21 June 2007
WE’VE SPENT THE past few days in the Pyranees mountain range; first on the Spanish side, then, as we crossed over to France, on the French side (go figure). We left for our two-day hike near the town of Boi (Spain) and were whisked into the mountains by a rugged 4×4 jeep taxi, taking us where public vehicles are not allowed to venture. The driver dropped us off and we began our ascent toward our goal for the day, the refuge where we would spend the night.
The hike started in a pretty, lush green valley full of cows and meandering streams. We turned off the main trail and started climbing up a really steep slope. It was kind of like doing the Grouse Grind, but with someone’s hand on your head pushing you down! The climb wouldn’t have been nearly as tough if it weren’t for the big packs we were lugging around. But we eventually made it, after several stops for breath and water. We were rewarded with a handful of lakes at the top, where we had a bite to eat. We continued on and, after about six hours from starting out, made it to the refuge. It was a pretty interesting sleeping arrangement – bunk beds in one long line, with no space between you and your neighbour. Luckily for us, we were sandwiched between a snoring Frenchman and a girl who farted in her sleep.
We set off the next morning before breakfast, deciding instead to find a nice peaceful stop on the hike back to the van. We found a clearing where Bambi was chewing on some grass (and who bounded off into the nearby woods at the sounds of our distant footsteps), sat near a gurgling stream, and ate. We reflected on our first multi-day hike and learned a couple of important lessons: one, always ask your accommodation what, exactly, they provide – we packed our sleeping bags only to find out that they have blankets and pillows (this was our Rough Guides fault though, since they wrote you had to bring your own) – and two, bring only enough food that you will actually eat, not enough for leftovers! These will be valuable tidbits of information on the other treks we will do.
On the French side of the Pyranees we visited the Cirque de Gavarnie, a massive natural amphitheatre carved out by glacial movement. The cirque also contains the highest waterfall in Europe, the Grande Cascade. This time the Rough Guide was very helpful in pointing out an alternate path into the area, away from the main track. It was a gorgeous hike that took us through woods and across meadows.
You can see the cirque from miles away — steep walls of rock with snow covered peaks. Even the waterfall is visible from far away. But once inside, where you are surrounded by three massive walls rising up to the sky, water rushing down them from melted snow high above, where it is such a vast area that the closest people to you look like little ants, it is pretty awe-inspiring. It’s one of those places that makes you realize how tiny we are, and how powerful nature is. It is, by far, the most beautiful place we’ve seen so far on this trip.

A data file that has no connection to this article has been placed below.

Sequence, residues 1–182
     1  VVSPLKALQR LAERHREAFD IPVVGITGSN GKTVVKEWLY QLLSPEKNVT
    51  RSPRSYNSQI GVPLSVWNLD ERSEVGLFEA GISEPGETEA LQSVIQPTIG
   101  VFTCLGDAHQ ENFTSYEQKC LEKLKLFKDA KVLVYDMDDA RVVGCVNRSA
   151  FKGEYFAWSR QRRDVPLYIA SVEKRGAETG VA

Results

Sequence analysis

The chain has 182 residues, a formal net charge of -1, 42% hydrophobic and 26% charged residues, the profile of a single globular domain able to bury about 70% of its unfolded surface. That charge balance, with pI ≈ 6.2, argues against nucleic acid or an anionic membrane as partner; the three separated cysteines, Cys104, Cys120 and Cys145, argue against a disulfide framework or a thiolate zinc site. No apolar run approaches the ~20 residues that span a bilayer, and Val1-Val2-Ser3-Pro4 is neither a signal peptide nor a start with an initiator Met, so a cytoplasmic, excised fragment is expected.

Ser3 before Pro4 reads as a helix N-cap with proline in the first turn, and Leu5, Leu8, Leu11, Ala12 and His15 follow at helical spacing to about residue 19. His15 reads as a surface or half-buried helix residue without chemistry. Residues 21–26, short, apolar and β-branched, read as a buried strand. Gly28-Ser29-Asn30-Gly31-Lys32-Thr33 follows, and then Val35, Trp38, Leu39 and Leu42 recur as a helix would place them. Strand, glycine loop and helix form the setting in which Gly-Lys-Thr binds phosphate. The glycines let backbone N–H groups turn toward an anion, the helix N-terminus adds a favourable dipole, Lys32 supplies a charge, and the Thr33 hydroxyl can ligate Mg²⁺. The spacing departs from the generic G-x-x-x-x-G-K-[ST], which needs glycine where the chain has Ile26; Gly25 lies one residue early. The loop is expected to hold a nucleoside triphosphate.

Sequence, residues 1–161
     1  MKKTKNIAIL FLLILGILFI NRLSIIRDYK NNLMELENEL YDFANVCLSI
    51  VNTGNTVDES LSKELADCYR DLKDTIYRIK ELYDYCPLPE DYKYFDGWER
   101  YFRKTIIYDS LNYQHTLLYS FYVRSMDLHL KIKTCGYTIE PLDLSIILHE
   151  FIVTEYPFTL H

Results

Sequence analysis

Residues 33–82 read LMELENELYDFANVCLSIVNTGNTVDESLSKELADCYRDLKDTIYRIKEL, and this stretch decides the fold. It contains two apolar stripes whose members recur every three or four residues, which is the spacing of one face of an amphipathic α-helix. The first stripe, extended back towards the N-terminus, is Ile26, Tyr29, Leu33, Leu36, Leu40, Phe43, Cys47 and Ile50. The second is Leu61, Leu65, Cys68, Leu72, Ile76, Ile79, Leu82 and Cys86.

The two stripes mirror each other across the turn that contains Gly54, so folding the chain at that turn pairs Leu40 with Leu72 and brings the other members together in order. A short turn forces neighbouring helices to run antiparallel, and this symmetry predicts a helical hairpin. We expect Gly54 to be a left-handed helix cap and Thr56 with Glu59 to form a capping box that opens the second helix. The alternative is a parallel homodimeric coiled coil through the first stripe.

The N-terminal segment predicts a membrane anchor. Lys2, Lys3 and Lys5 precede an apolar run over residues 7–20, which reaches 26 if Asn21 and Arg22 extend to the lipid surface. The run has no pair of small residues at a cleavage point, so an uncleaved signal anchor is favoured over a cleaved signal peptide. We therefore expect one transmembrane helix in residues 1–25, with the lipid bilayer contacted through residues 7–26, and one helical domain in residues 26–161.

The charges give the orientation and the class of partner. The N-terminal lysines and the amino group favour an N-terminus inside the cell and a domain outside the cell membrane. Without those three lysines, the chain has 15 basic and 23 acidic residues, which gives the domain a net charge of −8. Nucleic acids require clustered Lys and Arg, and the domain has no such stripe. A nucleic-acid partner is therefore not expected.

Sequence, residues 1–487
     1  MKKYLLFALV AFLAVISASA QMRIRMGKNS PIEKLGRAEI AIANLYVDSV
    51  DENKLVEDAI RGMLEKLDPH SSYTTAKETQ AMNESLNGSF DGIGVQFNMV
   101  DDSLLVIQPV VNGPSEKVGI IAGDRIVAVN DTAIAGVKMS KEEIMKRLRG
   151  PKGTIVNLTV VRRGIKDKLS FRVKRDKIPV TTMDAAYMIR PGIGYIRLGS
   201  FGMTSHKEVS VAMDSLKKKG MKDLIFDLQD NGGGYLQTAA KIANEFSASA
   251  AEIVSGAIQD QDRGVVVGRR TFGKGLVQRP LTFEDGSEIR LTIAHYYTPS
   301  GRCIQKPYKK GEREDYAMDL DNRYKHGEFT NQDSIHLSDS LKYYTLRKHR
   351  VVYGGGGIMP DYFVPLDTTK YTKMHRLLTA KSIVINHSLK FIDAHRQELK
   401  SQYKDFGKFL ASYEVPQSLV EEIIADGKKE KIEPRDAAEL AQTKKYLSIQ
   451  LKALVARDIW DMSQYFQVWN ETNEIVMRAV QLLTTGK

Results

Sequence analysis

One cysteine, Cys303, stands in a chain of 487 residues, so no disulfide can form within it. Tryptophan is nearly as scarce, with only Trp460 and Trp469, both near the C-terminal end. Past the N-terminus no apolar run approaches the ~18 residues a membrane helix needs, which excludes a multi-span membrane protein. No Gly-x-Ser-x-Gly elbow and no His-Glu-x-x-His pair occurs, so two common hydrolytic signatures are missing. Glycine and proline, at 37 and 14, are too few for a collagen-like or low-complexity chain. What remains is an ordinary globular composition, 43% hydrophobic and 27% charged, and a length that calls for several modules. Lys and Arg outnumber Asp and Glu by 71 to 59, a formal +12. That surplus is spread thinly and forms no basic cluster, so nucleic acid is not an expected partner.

After the cirque, we drove to Tarbes, an inconspicuous little town where we just planned on parking on the street and having a free night’s sleep. We stumbled on a music festival celebrating the summer solstice. Many cities in France do the same thing but we had no idea a small town like Tarbes would have one too – it was a great surprise! After dark, the streets filled with what was probably the entire town, plus the two surrounding ones – and I mean everyone was there, from toddlers to geriatrics. Food and beer vendors lined the streets and stages were set up all over the place, in all the big squares. There were even bands playing on the sidewalk and on outdoor restaurant patios, everywhere. It seemed like any joe shmoe garage band with the meekest of talents could join in.
The range was very eclectic – you had your choice of alt. rock, country, reggae, folk, teenage punk, and electronica (where we caught a 70-something year old bobbing his head to the trance-like beat). There was a choir, an accordion band, and flamenco dancing as well. Our favourite of the night was a samba percussion band – about fifteen guys and gals with different drums tied around their waists, hammering on them with big sticks in perfect unison and making a contagious Brazilian beat. They wore colourful, baggy pants and had painted arms and faces and danced around while they played. It was, in every sense of the word,festive! The crowd was fully into it too, hooting and hollering and bouncing around to the rhythm.
On our way out back to our van, we heard the Rolling Stones’ “Honky Tonk Women” being covered, so we went to get a closer look. On a restaurant patio was a haggard, cagey bunch of old dudes, the lead singer in tight black jeans and a big cowboy hat on, belting out classic rock tunes. They followed the Stones with a cover of CCR’s “Proud Mary”, only with a heavy French accent: “Left a goot job in za ceety, workin’ for zee man every naht and day…”. Across the street at another patio, a really bad Weezer cover band played. It was painful listening to the lead singer, but at the same time was nice to hear one of my favourite bands being paid tribute to (plus, it also gave me some hope for myself!).
We will continue heading north up the gut of France, and should be in Paris well in time for Yvonne’s 30th birthday!